He had a Spanish girl in the seat next to him.
A Spanish girl? Back off.
He doesn't know what he's talking about.
Your wife's home cooking not good enough these days? You know, maybe we ought to break the news to her.
In fact, I think I've got your home number right here.
What are you doing? Hey! I bet your girlfriend can teach your wife some hot, new dishes.
He can't do this.
Rey.
It's ringing.
Give me that.
You better start talking, or I swear I'm going to put your name out to the papers.
Everyone will know what kind of lowlife coward you are.
Rey.
How you don't have the decency or the guts to be a witness for that girl.
Rey, let him go.
Come on, come on, come on.
What the hell is the matter with you? You think I'm just going to stand by, let these people lie to us.
That's not what this is about.
Oh, it's not? What's it about, then? You tell me.
She left me, Lennie.
She took the kids and split.
She wants me out of the house.
Why? What happened? I broke my vows with this girl in the park.
Just a one-time thing.
How did Deborah find out? I told her.
Your second mistake.
You know, my old man used to chase women all the time.
I swore I'd never be like him, but Listen, why don't you bag it for tonight, huh? No.
No, just give me a couple of minutes.
Hey, when you come back in there, you put that temper of yours in your pocket.
You got that? Dr.
Shamsky wants to know if we're serious about releasing their names to the media.
Well, the story is going to come out.
Just depends on how they want it to read.
Never mind your friends or what the D.
A.
Thinks, do you want this hanging over your head for the rest of your life? She was being chased by this very big man.
A white man with dark hair.
He ripped her shirt off.
She was screaming.
It looked like they were fighting.
Did she know this man? I don't know.
She climbed over the side to get away.
She was terrified.
It all happened so fast.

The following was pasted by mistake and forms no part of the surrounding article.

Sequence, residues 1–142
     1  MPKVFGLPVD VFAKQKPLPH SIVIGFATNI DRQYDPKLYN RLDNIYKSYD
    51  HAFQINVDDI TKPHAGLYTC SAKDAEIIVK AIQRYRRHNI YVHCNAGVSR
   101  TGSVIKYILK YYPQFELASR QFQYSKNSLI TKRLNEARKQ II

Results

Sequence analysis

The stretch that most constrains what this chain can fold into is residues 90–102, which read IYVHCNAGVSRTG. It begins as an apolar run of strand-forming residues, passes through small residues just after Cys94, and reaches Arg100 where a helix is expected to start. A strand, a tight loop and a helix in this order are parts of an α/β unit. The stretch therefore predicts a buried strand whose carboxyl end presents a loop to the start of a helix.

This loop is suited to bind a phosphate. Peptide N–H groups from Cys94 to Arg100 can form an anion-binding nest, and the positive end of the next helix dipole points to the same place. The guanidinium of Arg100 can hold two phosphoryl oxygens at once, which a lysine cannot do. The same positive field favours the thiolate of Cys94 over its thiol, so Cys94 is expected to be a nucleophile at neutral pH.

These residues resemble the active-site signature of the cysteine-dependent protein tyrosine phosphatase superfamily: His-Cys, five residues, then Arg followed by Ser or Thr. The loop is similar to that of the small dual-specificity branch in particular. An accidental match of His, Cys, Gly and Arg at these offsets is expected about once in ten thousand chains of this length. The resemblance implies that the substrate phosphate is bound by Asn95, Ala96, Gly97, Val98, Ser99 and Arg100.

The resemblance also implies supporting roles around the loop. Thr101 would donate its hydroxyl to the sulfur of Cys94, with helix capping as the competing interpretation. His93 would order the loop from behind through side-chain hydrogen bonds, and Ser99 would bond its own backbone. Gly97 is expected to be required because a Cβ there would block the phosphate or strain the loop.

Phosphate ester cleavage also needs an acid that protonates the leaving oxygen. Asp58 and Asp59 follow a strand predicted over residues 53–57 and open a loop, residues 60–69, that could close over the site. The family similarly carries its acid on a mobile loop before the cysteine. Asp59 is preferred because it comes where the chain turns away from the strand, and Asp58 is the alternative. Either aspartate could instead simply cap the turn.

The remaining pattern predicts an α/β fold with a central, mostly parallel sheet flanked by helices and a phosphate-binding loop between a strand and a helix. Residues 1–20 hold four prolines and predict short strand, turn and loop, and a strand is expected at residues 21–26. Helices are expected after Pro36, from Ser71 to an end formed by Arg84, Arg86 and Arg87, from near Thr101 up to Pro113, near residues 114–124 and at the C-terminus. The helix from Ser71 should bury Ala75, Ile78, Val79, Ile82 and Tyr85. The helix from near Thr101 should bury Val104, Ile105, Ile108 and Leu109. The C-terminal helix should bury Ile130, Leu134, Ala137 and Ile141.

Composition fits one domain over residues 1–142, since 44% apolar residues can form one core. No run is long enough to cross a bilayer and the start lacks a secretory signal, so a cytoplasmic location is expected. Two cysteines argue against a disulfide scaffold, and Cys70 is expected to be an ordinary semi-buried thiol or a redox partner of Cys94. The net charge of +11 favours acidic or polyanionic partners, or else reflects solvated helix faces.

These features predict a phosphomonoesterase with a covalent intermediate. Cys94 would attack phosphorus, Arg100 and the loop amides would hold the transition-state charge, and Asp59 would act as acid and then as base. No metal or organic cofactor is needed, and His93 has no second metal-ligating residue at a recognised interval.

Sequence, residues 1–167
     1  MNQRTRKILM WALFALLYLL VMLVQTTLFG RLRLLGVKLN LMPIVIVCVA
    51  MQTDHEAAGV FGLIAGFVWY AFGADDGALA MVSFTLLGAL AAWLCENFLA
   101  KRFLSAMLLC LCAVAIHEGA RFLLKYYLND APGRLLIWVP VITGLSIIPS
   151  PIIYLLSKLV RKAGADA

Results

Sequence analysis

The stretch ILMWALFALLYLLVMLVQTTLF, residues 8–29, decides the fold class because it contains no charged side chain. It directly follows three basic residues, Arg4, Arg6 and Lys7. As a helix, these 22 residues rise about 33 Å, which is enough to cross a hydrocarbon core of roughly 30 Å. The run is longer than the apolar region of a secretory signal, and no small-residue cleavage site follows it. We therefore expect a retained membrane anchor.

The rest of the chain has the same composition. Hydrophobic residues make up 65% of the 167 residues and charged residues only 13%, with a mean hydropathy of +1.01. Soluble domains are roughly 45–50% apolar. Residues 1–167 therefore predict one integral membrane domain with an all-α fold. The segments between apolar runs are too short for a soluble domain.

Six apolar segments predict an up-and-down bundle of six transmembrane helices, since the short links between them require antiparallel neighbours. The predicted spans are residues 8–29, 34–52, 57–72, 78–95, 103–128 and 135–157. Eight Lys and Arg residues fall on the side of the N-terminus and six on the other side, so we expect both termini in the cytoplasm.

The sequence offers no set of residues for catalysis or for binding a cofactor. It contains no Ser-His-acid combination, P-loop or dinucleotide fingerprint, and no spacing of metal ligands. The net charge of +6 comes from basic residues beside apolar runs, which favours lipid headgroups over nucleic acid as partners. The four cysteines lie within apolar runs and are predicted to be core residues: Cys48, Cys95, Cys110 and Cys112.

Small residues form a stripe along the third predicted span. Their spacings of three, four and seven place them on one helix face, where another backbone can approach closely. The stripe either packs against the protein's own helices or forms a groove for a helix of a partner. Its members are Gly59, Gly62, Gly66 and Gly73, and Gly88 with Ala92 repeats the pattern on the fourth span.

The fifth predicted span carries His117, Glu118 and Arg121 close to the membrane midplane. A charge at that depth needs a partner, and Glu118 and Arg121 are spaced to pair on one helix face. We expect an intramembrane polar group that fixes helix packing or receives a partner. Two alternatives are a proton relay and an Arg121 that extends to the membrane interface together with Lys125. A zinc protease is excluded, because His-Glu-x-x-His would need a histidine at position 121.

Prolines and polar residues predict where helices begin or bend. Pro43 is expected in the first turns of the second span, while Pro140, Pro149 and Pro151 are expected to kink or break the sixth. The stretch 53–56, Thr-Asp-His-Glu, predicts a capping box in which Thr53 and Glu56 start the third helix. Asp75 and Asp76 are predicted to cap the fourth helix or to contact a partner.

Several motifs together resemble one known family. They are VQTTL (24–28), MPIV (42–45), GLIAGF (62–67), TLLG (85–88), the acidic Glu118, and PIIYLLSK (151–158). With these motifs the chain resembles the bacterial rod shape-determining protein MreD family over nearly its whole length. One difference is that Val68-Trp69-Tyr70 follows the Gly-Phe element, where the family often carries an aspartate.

I couldn't believe it.
She just jumped.
He didn't push her? No, sir.
I think she jumped to get away from him.
He was a lunatic.
He looked right at us after she jumped.
I thought he was going to come after me.
Who saw him leave? I did.
He drove off in a green LTD.
I don't know what year.
Did anyone see how it started? You don't need my friend's name, right? No, we don't.
They were in front of me.
The VW and the LTD.
She might have cut him off, I'm not sure, but they banged fenders.
The guy got out, real ticked off.
This was a traffic accident? Yeah.
The guy was screaming at her to get out of her car.
He got her door open and dragged her out by her hair.
She ran away from him, past my truck.
Used to be, you cut somebody off, they flipped you the bird.
Now they chase you, beat you up.
Why not? Who's going to stop them? You? From the looks of it, they consider driving a contact sport.
That's the damage from the guard rail, and over here, fresh green paint from the LTD.
'86, '87 model.
Yeah, I suppose there's more than one of those in the city.
the five boroughs.
What about this green paint here? Same vintage? Yeah.
She must have hit the LTD twice.
Our witnesses all said there was only one accident, on this side.
Maybe Whatney and the LTD traded paint before they got to the bridge.
Thanks.
Yeah, she dropped her friend off at Henry Street, That's a lot of doorbells.
What, you'd rather make 2,068 phone calls? I would have called it in myself, you see, but it was 2:00 in the morning.
I thought the best thing to do would be to leave a note on Mr.
Krutsky's car.
Well, you're a rare citizen, Mr.
Cromwell.
Why don't you tell us what happened.
I work security, I was walking home when I heard the crash.
The LTD and the Volkswagen? That's it.
The little car rear-ended the Ford and slid off into Mr.
Krutsky's parked car.
Did the drivers get out? Just the one in the Ford.
Big white guy.
Scared the white girl in the little car a lot.
What did she do? Well, she cut around him and took a left at Madison Street.
He took off after her.
I tried to get their numbers, but I only could get the first three of the Ford.
T-P-6.
I could have got the whole thing, but it all happened so fast.
Thanks.
Hey, I know a guy in the 83, lost an eye doing that.
You live in this building? Yeah.
You know a Mike McDugan? Who? Crazy Mike? Yeah, he drives a green LTD.
No, that's his old man's car.
Mike Senior.
He's a cripple.
He gets around seeing as nobody's home.
It's Thursday.
Crazy Mike usually takes him over to Manny's on Eastchester.
You guys going to put Crazy Mike away? Does he need putting away? Nobody around here would stop you.
You know, he chased my 14-year-old grandson up a flight of stairs, knocked him around.